In this respect I think you wrote your most “literary” record, with a real sense of a tale being told – even if an intimate one - and so on. Do you agree and was the experience of writing a poetry book, which you did during these last years, informative to writing this record?
My most literary album; I like the sound of that. I studied English literature, so anything with the word “literary” always makes me happy. I really spent a lot of time on the lyrics for this album. I wanted to move away from the simplicity of the lyrics from my previous album. The last album was a very personal note, and I didn’t want to make those words too dense. But with this album I felt I had the opportunity to move the lyrics further away from the simplicity of the previous album. I also didn’t want to make the lyrics too poetic. I have never been a fan of writing lyrics that are so inaccessible where no one can understand what the writer is talking about. I wanted to strike a balance. My main concern with the lyrics was to balance the light with the dark, the ugly with beauty. I feel that in my previous records I have not done that, so I really made this a goal of mine with this record.

Let me ask you right away: is this “long summer” a state of mind you wanted to portray, or an actual summer you spent alone, in the city?
It was both. It feels like I have spent many long summers alone. But I was also trying to capture the mood and the state of a mind during those times.

Arrangements play a big part, in the record, to make this picture become vivid, real. You have enlarged your palette since “Notes”, but I found a more open, luscious sound in “To Live Alone In That Long Summer”. Can you tell us something about the making of the record? I know Tony Dekker and Sandro Perri were still there in the studio, among others…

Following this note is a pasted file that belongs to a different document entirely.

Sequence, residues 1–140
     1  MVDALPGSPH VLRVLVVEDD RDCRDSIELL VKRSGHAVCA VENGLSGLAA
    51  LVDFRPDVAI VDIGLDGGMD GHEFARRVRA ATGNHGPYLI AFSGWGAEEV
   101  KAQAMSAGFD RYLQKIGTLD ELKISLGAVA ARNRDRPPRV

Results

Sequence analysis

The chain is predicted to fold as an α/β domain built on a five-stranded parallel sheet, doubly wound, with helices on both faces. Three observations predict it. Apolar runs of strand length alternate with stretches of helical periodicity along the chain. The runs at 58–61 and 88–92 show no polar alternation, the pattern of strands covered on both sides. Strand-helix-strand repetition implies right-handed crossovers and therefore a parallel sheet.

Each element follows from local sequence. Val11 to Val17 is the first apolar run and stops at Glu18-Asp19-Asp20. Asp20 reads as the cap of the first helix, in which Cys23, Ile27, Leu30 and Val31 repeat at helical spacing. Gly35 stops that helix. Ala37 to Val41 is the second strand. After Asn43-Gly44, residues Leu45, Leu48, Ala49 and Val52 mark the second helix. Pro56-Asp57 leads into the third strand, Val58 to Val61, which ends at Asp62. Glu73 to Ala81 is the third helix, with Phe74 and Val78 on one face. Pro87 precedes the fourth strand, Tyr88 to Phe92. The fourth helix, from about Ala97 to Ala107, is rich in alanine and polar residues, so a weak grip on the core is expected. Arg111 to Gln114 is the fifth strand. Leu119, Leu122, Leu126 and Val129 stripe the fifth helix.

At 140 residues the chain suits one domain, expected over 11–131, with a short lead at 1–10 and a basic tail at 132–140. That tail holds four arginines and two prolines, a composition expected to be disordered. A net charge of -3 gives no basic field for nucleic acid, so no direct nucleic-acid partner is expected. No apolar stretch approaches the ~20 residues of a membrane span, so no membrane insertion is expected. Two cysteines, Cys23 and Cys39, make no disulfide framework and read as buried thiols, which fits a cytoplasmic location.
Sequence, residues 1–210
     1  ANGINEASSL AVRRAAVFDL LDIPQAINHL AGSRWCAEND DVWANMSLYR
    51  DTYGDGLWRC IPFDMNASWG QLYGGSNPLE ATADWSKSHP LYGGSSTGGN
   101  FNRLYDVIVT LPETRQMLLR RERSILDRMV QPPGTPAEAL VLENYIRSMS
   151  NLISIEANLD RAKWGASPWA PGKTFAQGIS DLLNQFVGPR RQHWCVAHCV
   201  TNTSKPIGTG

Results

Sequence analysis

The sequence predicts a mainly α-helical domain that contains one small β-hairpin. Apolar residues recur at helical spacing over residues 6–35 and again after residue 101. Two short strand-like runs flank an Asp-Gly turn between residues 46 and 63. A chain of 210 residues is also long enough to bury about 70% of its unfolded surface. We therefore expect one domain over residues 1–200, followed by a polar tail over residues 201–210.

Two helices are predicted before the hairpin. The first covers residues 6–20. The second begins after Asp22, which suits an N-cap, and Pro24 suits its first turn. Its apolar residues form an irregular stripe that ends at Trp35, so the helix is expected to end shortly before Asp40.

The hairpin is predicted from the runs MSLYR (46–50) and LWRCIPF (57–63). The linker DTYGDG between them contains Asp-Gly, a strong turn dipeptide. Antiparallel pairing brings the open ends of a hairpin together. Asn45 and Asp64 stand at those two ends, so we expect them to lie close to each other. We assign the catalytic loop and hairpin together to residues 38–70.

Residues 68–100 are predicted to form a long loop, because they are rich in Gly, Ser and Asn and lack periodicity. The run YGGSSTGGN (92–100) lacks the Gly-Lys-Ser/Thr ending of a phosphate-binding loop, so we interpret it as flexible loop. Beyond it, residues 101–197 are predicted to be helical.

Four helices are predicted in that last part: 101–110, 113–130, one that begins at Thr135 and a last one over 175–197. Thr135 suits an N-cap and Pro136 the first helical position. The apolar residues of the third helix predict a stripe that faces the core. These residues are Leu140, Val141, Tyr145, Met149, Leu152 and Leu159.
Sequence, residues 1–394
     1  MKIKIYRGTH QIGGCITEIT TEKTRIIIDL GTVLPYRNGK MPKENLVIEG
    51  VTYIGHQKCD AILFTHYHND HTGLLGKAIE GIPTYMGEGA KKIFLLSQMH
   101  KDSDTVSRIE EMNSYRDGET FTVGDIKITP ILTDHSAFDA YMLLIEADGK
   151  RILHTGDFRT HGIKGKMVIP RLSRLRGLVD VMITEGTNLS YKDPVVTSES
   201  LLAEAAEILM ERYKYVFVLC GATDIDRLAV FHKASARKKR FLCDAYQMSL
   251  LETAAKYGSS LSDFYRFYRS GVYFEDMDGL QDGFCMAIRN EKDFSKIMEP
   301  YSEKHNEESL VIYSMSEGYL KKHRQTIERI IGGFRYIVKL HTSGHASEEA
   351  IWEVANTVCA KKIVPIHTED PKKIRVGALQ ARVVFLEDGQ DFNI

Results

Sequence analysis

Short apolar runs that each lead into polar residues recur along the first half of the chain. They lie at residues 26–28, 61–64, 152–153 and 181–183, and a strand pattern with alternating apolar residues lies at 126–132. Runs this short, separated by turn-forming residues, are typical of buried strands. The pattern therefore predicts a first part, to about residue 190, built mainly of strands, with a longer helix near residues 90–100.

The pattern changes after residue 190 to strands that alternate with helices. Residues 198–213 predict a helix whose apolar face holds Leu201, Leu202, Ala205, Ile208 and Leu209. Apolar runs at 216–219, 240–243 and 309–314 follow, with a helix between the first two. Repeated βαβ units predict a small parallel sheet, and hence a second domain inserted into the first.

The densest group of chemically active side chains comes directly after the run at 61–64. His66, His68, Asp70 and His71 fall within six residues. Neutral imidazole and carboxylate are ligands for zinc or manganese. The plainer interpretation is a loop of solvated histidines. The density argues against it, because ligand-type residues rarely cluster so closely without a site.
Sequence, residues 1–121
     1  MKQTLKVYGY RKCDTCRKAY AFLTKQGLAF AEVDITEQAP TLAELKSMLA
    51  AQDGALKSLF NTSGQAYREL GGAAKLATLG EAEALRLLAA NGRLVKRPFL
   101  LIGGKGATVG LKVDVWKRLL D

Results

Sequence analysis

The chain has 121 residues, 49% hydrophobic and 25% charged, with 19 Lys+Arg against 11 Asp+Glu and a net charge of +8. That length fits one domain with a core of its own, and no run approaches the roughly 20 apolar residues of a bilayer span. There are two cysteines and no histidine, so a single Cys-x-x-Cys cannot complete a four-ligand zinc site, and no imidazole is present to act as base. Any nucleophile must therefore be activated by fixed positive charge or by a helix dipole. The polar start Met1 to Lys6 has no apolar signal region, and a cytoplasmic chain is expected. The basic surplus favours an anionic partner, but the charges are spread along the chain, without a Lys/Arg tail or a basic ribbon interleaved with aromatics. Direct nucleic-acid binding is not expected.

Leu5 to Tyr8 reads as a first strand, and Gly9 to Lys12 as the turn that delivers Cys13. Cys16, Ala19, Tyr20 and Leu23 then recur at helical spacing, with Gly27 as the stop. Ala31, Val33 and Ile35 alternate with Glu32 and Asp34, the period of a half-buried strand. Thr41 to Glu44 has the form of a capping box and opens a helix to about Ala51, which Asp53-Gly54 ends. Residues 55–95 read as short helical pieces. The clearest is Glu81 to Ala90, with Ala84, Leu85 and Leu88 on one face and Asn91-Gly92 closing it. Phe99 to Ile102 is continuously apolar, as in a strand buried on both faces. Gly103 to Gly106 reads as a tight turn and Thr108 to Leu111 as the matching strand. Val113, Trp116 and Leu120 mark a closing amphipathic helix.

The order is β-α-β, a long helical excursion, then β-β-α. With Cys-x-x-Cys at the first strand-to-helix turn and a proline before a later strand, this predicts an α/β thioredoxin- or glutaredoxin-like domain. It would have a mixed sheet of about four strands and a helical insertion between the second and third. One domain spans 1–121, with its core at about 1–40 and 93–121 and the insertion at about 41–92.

Well, it was a pretty long process. I first started to work on these songs on my own. I initially wanted to make a simple album. I thought I would make an album with just an acoustic guitar and piano. So I first started off by recording these songs on a very simple recording set up at home. I was mainly doing that to see how the songs would sound on their own. When I did that, I realized that the songs needed more than just a guitar and piano. And that was when I took the songs to my long time musical partner, Nick Zubeck, who has been playing live shows with me for years. It was in his studio that we began to try instruments like drums and electric guitar on the songs. So it was there that we began to enlarge the palate. After that, I asked Sandro Perri, who is a long time friend of mine, to spend a few days with me and the band and to help me shape the songs.  I brought together the musicians who were going to play on the album and we spent three days in a studio jamming the songs and trying different arrangements and ideas. Only when we had done that, did we go into the studio and begin to record the album. I’ve known Tony Dekker for many many years. He is another good friend. When it came time to use back up singers on the album, I jumped at the opportunity to ask him to sing harmonies on some of the songs.

I had quite a vivid connection to one of my favourite movies of these last years, which is “Shame” by Steve McQueen. The two “plots” may diverge a lot, but I think there is a strong emotional connection. Do you think there is a relation between the protagonist of “To Live Alone In That Long Summer” and the one from “Shame”?